The cold facts about alcohol related deaths
NNSL (Oct 01/99) - Of all deaths investigated by NWT chief coroner Percy Kinney in 1998, alcohol played a role in 11 of them. That's 11 out of 31.
This summer, there were two cases of death due to acute alcohol toxicity in Yellowknife. An 18-year-old male was found dead in a room at the Igloo Inn. His alcohol level was measured at 4.5 grams per litre (g/l) of blood. The other death was a man in his 50s. He died in a yard behind the Salvation Army with a blood alcohol level of 5.5 g/l.
When a car careened off the Ingraham Trail in August and rolled upside down into a lake, three teenage occupants died. Alcohol was a contributing factor.
"For those who die in an accident where the driver has been drinking, the manner of death is accidental but alcohol is listed as a contributing factor," Kinney said.
"A high percentage of people who commit suicide have been drinking. It may not be listed as a contributing factor but I have to ask, did the alcohol play a role in their death? Was the alcohol the catalyst that pushed the person over the edge?"
When Kinney gets an autopsy report back where alcohol levels are recorded at 4.5 and 5.5 g/l, he can only shake his head. Alcohol starts to be considered a possible cause of death at 3.5 g/l. The legal drinking limit to operate a car is .8 g/l.
"It's really hard to say how much alcohol a person would have to consume to die because it depends on things like body size and tolerance levels -- but it's a lot," Kinney said.
With winter around the corner, Kinney is bracing himself for the exposure deaths that he knows are coming. There were four deaths in 1998 attributed to exposure. Alcohol was a contributing factor in all of them.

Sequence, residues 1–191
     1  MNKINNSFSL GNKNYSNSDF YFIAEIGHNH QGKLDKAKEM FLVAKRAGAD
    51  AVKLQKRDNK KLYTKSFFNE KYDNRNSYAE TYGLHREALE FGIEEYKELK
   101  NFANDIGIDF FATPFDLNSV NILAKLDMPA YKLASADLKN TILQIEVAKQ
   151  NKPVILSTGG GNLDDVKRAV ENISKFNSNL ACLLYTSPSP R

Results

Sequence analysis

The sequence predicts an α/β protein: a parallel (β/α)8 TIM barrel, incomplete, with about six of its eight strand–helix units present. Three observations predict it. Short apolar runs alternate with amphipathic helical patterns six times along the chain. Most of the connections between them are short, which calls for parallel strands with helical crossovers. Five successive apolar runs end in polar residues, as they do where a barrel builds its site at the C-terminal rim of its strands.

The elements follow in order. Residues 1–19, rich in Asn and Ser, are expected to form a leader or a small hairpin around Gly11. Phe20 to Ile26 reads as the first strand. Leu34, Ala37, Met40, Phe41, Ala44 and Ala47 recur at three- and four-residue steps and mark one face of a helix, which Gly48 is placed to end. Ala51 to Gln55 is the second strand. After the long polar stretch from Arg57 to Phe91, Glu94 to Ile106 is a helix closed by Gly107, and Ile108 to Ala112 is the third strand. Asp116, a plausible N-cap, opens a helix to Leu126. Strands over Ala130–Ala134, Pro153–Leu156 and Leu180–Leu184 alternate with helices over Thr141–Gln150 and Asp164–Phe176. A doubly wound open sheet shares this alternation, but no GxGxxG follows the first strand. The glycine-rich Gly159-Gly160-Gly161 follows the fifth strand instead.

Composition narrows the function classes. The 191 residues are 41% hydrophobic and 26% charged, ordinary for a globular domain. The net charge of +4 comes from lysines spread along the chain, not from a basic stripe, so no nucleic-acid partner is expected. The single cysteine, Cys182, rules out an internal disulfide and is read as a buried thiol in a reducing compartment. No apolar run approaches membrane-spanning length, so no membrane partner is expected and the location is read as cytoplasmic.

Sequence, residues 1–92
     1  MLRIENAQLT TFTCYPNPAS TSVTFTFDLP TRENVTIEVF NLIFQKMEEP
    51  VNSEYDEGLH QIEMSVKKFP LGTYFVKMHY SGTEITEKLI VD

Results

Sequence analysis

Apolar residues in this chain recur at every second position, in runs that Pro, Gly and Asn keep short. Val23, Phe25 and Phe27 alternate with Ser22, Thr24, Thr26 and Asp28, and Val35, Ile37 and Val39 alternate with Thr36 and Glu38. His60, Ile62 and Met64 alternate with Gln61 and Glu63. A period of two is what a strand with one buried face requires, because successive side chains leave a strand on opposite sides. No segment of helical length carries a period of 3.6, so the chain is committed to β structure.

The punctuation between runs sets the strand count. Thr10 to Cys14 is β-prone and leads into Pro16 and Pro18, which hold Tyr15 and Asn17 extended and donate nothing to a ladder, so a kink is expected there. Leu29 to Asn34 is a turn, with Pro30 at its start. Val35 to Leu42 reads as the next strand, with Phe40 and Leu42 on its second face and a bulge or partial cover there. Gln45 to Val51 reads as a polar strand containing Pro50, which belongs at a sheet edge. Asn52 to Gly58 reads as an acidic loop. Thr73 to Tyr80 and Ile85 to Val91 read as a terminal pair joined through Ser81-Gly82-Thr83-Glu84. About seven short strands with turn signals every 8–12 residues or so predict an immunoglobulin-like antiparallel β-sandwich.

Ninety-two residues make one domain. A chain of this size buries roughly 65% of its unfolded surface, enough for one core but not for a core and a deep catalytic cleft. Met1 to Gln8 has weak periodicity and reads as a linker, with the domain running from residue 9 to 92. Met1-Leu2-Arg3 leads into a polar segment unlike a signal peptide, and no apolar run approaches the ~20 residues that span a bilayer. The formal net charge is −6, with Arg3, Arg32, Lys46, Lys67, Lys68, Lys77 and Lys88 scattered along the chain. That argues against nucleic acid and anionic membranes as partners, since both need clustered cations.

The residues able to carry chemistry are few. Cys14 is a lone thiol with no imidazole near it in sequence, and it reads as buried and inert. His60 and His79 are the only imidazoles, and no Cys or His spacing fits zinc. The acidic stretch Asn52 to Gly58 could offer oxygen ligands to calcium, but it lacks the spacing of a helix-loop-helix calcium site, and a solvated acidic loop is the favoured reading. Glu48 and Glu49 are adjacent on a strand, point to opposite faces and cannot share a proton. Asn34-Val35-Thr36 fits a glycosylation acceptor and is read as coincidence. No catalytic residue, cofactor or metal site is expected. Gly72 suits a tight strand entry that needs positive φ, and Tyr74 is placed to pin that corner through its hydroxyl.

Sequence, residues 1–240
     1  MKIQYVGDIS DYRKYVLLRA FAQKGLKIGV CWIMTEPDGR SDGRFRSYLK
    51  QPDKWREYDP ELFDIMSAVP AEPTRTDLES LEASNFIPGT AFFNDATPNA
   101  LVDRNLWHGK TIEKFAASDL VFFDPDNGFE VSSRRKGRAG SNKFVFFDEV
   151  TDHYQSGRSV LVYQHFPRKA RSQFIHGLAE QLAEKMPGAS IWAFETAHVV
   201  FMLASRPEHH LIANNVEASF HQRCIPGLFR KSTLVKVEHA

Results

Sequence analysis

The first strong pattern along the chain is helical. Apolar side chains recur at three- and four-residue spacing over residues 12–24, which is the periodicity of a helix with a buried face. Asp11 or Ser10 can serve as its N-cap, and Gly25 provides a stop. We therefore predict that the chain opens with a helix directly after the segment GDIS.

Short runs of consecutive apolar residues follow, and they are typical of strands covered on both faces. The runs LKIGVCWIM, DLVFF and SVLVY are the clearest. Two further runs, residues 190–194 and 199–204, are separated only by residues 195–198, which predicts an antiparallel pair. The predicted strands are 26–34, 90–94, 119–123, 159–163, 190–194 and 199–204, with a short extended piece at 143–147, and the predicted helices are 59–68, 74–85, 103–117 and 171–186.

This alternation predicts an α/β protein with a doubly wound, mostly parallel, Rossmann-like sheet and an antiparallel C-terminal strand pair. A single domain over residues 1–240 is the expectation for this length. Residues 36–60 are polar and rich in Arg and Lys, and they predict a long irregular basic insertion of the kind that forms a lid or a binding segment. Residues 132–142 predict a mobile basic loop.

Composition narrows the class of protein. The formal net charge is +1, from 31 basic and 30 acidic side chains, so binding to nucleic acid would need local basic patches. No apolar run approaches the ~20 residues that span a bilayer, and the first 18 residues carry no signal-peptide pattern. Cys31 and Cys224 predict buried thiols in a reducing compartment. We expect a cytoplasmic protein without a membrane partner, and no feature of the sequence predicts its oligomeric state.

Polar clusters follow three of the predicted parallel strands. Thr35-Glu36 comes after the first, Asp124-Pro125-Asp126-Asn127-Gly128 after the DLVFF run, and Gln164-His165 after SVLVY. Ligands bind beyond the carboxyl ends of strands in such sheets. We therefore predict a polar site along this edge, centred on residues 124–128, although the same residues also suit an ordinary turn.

"People get drunk, they go outside without being properly dressed, they get lost and confused, and the next thing you know they lie down and go to sleep," Kinney said.
"We have had people die 10 feet from their home and alcohol intoxication is almost always listed as a contributing factor. I guess the message I want to get out is to remind people that alcohol at any level is dangerous. I can't stress that fact enough."
While people do die of alcohol abuse, many others are finding a way to manage their disease, and rehabilitate themselves.
Alcoholics Anonymous (A.A.) holds meetings in Yellowknife seven days a week to help people overcome their drinking problems in a supportive and positive environment. The only requirement of membership is to have a desire to stop drinking.
Yellowknife Salvation Army assistant executive director Karen Hoeft said their organization isn't associated with A.A., but does offer withdrawal services for the early stages of alcohol abuse recovery.
"The first and most important step to overcoming an alcohol problem is to be truthful and honest with yourself. Once you can do that, the next step is to find someone who will listen."